Category Archives: Publishing

Mazes, opium and publishing deals

An autumn 2017 commission that I received from Wellfleet Press (an imprint of US publisher Quarto) led to a winter researching and writing an illustrated history of labyrinths and mazes. I spent many short days and long evenings absorbed in the joyful task of piecing together what is hopefully an informative and engaging recitation of this fascinating 4,000-year old phenomenon.

During this time I also managed to deliver a few talks on the history of Heffers of Cambridge and have more coming up in the diary. (I did however, have to pause much of the college servants research, apart from a most interesting conversation with a retired college porter from St John’s — in September last year I wrote about The artist, the college, the bursar and his cook.)

The history talks are such a pleasure for me to deliver, especially when members of the audience share their own memories of enigmatic Heffer people and places. And then, on 5thJune 2018, I had the pleasure of being a guest speaker for the Cambridge Publishing Society. My talk, entitled ‘Some Truths About Opium’, provided a welcome excuse to delve further into another aspect of Heffers — their extraordinary publishing history.

I chose the title because the first half of the twentieth century was clearly an intoxicating time for Heffers publishing. It is taken from a short paper by Herbert A. Giles, published by Heffers in 1923.

A British diplomat and sinologist, Giles was ‘the’ Cambridge Professor of Chinese and much of his output was published by the University Press. This title however, along with his exposition, ‘Chaos in China: A Rhapsody’, was published and printed by Heffers who produced  2,000 copies of the former and 1,000 of the latter. In 1924 Giles paid Heffers £10 to cover a deficit on the publishing costs of the opium paper and ten years later it was taken out of the firm’s catalogue.

Giles had originally sent his treatise to The Times. However, his stance on the topic directly opposed that of the broadsheet. In his sketch of opium in China as a drug from 874AD to the present day (early 1920s), Giles concluded that in view of the historical facts, we had better leave China to work out the opium problem themselves, without the interference of foreigners. Inevitably, the paper was returned as unsuitable. He then tried an academic journal, only to have it rejected once more. Finally, he approached Heffers.

This appears to have been a common scenario for authors published by Heffers. A scout through the old publishing diaries (kindly loaned by Richard Reynolds of Heffers) reveals that in many cases the firm provided a kind of vanity publishing service (a precursor of Troubadour perhaps?).

Extract from the Heffer publishing diaries, 1933.

Anyone who wanted Heffers to publish their book had to be interviewed by Mr Heffer (most likely ‘Mr Ernest’ or ‘Mr Reuben’ — I’ve previously written about Mr Reuben, Penguin Books and Lady Chatterley). Examples of Heffer publishing deals reveal the extent to which the financial risk was offset by some authors:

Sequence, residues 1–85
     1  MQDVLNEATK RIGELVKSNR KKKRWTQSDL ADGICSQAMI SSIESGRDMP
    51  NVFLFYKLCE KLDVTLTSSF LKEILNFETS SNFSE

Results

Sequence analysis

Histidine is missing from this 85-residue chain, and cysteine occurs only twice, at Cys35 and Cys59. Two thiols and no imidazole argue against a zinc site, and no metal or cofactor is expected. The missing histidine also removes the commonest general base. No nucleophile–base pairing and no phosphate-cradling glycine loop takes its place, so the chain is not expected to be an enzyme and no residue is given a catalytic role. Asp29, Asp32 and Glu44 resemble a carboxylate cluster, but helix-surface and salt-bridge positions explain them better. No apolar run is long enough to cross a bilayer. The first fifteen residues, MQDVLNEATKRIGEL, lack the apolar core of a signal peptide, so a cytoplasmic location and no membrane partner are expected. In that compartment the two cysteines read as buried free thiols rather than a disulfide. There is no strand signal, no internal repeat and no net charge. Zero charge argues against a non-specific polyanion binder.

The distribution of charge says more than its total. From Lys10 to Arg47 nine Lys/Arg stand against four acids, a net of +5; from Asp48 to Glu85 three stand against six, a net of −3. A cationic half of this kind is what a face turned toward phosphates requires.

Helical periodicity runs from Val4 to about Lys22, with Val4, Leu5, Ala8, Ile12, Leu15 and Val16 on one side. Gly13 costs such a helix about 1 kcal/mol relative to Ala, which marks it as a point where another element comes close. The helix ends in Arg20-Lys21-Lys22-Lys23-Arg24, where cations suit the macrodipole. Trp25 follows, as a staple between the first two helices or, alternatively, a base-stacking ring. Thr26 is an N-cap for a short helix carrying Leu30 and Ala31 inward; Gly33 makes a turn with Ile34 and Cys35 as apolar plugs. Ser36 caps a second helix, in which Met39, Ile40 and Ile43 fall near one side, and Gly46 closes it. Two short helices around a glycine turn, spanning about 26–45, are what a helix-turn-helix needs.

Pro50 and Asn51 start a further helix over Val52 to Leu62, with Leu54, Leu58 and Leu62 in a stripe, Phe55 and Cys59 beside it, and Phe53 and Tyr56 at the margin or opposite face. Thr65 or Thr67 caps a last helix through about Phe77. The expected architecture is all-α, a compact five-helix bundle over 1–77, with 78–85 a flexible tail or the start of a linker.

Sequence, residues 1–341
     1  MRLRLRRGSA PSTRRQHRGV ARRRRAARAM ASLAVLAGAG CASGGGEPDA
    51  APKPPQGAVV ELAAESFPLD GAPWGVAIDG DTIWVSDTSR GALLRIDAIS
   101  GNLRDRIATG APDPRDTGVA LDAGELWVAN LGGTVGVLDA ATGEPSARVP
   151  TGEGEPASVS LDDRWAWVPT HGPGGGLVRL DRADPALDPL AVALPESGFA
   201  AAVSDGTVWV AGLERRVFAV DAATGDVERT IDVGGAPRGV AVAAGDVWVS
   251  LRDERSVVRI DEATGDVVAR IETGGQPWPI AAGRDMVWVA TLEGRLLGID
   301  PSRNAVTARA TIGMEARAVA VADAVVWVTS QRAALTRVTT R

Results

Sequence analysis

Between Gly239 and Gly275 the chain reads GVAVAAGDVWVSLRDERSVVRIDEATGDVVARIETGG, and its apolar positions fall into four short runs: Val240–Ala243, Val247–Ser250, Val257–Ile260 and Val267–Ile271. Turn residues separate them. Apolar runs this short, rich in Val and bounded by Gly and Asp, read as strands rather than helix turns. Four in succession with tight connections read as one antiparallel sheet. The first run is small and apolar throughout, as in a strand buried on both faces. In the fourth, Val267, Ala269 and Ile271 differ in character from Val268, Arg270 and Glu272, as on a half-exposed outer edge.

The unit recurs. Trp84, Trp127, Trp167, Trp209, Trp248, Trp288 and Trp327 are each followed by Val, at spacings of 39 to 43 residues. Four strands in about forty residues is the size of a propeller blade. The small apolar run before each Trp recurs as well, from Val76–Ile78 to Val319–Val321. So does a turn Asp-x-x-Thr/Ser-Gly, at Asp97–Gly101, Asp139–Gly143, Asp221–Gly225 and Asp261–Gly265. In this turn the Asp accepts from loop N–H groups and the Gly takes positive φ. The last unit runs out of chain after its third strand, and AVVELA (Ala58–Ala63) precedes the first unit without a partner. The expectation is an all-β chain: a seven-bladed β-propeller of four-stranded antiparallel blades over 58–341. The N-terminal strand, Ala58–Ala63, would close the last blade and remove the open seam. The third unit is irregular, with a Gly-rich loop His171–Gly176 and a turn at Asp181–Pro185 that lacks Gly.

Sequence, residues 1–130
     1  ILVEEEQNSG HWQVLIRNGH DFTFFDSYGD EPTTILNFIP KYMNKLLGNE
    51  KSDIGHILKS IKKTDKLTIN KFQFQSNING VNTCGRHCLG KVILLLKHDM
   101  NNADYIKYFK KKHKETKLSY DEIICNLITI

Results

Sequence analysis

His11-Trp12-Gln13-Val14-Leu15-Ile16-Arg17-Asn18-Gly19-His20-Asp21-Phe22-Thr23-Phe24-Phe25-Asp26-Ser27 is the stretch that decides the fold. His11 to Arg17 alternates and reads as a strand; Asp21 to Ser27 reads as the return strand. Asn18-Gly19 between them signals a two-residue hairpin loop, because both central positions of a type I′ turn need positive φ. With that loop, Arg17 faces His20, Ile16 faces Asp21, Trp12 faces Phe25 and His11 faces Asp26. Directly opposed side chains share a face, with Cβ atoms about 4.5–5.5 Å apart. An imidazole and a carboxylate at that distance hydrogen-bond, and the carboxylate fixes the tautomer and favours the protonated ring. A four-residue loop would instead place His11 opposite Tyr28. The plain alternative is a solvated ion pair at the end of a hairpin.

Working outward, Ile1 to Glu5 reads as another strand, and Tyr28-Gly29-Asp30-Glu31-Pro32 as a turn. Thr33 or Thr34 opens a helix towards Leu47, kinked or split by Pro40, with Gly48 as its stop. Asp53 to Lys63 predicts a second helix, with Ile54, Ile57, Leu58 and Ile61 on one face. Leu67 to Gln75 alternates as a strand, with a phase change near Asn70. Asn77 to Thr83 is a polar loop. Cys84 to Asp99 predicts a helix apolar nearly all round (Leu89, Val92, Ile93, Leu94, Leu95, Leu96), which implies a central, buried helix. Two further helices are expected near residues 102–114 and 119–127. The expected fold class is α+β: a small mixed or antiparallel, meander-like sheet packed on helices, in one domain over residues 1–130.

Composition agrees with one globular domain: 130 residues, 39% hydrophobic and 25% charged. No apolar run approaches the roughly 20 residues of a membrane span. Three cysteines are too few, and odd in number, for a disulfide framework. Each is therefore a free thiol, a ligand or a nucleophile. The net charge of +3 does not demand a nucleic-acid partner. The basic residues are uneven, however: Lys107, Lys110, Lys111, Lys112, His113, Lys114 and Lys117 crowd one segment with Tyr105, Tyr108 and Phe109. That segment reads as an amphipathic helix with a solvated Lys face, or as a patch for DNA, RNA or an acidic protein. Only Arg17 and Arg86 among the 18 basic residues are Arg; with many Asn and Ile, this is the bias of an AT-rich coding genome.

• ‘Agreement by letter. Author has agreed to pay £60 towards productions costs on publication and a further £20 if necessary in a year’s time.’
  • ‘Author agreed to guarantee us against loss up to a limit of £10, and to surrender the first £5 of profit to our Firm. Thereafter, profits to be divided equally between Author and Publisher.’
  • ‘No agreement, but Prof. Whitney called and agreed to be responsible for the costs of publication.
  • ‘No Agreement. Author pays all costs of production. To be published but Not Catalogued. All stock to be returned to Author, and any orders for book to be passed to her.’

Heffers first described itself as a publisher in advertisements in the early 1900s and the firm’s list grew with William Heffer’s expansion into printing. Between 1889 and 1959 the firm published around 2,000 titles. The publishing was wound down in the 1960s and ceased altogether in 1975. Several publications were cast into the bargain bin, never to reappear. Intriguing titles such as,

The Problem of the Future Life (1925)

Whatsoever Things are Lovely …Think on these Things(1927)

Mathematical Snack Bar(1936)

The Delights of Dictatorship(1938)

Finland in Summer(1938)

Prayers for a One-Year-Old(1927)

The Two Coins: An English Girl’s Thoughts on Modern Morals(1931)

Those who work in the book trade may know about the annual Bookseller/Diagram Oddest Title of the Year (of a book), instigated by Diagram Group director, Trevor Bounford, at the Frankfurt Book Fair in 1978. Many Heffer publications would have been worthy contenders for the prize. (In March 2015, I wrote a post, The oddest title for a public lecture?, as I fondly remembered the late Bruce Robertson, co-founder of the Diagram Group.)